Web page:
About 50,000 Jamaicans live in Chicago, many in North Side communities leading up to suburban Evanston. Restaurants like Ja’Grill and Mr. Brown’s Lounge have shared the island’s flavors with the city, but Hakim Lee feels something missing. That’s why he and his brother are opening Dr. Bird’s Jamaican Patty Shack in hopes of introducing Chicagoans to an item that’s popular on the East Coast: Jamaican patties.
Passers-by may have noticed signage at 1215 N. Milwaukee Avenue, and ownership hopes to open in November. The restaurant’s logo features the Doctor Bird, a national symbol in Jamaica. This is a labor of love for Lee’s family who run a Buffalo, NY restaurant. Lee says their Jamaican food brings various Caribbean communities together and that he saw an opportunity to bring the same type of vibe to Chicago: “Folks have diverse backgrounds in Jamaica, but they view themselves as one,” Lee says.
For anyone confused: Jamaican patties aren’t burgers. It’s a pastry that can be baked or fried, similar to an empanada and stuffed with beef and other ingredients. Few Chicago restaurants serve the dish — Garifuna Flava in Gage Park might be the most popular option.
The pastries are flatter, bigger, and often spicer versus its Latin American cousins. They’re filled with a variety of ingredients with Caribbean influences. They’re popular in New York City. Staying in the Empire State, the baked patties are also sold in Buffalo. That where Lee’s parents opened the original Dr. Bird’s Caribbean Rasta-Rant in 1981. The restaurant gained even more community credibility thanks to a song by rap collective Griselda. The Buffalo outfit signed with Eminem’s Shady Records. Last year, they signed a management deal with Jay-Z’s Roc Nation.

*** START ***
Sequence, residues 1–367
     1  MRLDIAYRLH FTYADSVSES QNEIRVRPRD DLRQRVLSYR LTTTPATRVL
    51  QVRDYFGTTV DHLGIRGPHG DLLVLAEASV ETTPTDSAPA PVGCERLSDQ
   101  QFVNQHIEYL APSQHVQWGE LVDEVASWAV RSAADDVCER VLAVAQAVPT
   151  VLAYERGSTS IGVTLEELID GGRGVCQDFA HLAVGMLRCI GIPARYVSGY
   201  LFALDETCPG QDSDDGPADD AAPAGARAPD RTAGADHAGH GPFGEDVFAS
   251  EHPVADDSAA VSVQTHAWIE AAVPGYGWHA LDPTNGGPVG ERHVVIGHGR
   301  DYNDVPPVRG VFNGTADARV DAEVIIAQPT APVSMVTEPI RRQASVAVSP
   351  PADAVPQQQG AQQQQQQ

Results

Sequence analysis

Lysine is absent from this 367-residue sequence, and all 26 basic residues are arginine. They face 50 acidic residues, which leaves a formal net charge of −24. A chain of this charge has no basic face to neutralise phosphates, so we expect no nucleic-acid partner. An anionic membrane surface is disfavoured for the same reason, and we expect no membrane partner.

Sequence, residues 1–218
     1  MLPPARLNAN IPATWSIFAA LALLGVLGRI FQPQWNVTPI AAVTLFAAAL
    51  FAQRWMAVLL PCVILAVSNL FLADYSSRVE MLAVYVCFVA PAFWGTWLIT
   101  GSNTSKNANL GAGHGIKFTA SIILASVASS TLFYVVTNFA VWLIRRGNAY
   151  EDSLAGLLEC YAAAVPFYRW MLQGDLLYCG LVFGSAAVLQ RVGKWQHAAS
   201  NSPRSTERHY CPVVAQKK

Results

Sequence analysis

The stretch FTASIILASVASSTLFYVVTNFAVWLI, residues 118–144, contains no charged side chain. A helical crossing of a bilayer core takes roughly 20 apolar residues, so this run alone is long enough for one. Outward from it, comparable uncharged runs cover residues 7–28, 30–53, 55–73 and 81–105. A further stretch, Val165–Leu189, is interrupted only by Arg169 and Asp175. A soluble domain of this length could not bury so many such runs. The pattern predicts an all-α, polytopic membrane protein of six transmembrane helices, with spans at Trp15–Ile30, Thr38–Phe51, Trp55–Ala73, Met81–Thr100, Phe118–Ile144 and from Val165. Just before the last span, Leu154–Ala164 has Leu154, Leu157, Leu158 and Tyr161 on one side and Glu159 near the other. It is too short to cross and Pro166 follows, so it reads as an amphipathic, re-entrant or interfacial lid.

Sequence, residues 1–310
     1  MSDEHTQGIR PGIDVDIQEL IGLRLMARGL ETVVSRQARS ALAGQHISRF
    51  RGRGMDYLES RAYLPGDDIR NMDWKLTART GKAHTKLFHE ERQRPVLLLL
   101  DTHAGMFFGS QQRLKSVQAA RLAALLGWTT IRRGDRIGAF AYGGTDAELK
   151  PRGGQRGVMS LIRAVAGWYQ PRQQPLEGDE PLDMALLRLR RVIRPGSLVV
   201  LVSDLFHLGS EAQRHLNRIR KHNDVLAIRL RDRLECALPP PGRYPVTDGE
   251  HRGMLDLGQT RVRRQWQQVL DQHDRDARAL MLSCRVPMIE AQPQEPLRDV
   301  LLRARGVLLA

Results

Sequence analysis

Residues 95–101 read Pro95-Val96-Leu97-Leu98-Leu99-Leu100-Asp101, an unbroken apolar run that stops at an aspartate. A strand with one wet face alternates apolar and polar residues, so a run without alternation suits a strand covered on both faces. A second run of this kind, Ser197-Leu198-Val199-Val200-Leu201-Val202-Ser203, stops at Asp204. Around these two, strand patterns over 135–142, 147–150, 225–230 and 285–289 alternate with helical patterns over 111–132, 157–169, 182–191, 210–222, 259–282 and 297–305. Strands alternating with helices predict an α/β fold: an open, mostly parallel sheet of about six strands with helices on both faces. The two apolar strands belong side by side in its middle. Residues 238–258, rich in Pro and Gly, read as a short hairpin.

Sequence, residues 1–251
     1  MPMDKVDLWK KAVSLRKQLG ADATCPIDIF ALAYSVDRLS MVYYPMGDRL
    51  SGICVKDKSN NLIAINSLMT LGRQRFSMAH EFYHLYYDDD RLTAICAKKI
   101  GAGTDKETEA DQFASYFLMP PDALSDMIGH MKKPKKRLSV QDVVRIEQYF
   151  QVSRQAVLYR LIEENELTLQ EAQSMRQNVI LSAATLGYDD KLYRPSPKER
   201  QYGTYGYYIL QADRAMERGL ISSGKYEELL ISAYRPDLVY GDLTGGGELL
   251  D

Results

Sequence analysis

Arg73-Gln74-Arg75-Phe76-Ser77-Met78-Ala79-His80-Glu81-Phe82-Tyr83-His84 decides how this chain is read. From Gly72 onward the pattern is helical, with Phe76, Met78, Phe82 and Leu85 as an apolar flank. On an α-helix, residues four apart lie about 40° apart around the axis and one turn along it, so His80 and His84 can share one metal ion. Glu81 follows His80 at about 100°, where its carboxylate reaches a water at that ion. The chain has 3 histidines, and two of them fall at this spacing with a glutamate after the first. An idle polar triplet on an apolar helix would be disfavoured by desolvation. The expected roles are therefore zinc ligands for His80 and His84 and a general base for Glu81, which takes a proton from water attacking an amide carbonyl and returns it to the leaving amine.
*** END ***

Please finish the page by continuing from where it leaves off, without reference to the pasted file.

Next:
Lee and brother Changa hope to modernize their parents’ business and open multiple locations. Lee has spent the last seven years in Chicago working for U.S. Foods, the massive food supplier for restaurants. Demographics aren’t the only reason why Jamaican patties haven’t been popularized in Chciago, Lee says. There’s a question about find the right products and Lee will use his connections at U.S. Foods to bring them to his Chicago restaurant.
Other menu items include jerk tacos and rasta pasta made with time-tested family recipes. Acknowledging the South Asian influence in island cuisine, roti will be available. Doubles, which use Indian flatbread as a wrap, could be offered as a special. The dish uses channa, or spiced chickpeas. They come from Trinidad, and Dr. Bird’s menu includes plenty of the country’s influence. Lee’s also keen on curried potatoes, which are more popular than the proteins, he says.
Dr. Bird’s is taking over a space that borders the perimeter of the Polish Triangle along Milwaukee Avenue. The space is a former Burger King, but Lee has spent considerable effort in eliminating any traces of the the space former life as a fast-food slinger. Lee’s is confident in his takeout operation, but the space was designed to comfortably seat customers. The restaurant’s business plan has pivoting built in. They’ve retained a Houston firm, Juxtapose House, to help with design.
Drinks are an essential part of the the Dr. Bird’s experience, and they’ll have a liquor license for Red Stripe and non-alcoholic ginger beer. Fresh juices are a specialty. Lemonade and sour punches with lychee and lime that could be enjoyed with rum. Lee also mentions tributes to his elders. Grandma Johnson’s coffee is a special blend, while Mother Matie’s coladas contain blood orange, coconut, and pineapple. They’ll also serve their own ice cream.
Lee points interested parties to the restaurant’s Instagram page for updates. There was competition for the space, with it being near the CTA’s Blue Line Division Street stop near Wicker Park. Lee says its the ideal neighborhood where his family’s business can make a mark, hopefully launching the first of many locations.
Dr. Bird’s, 1215 N. Milwaukee Avenue, scheduled for a November opening.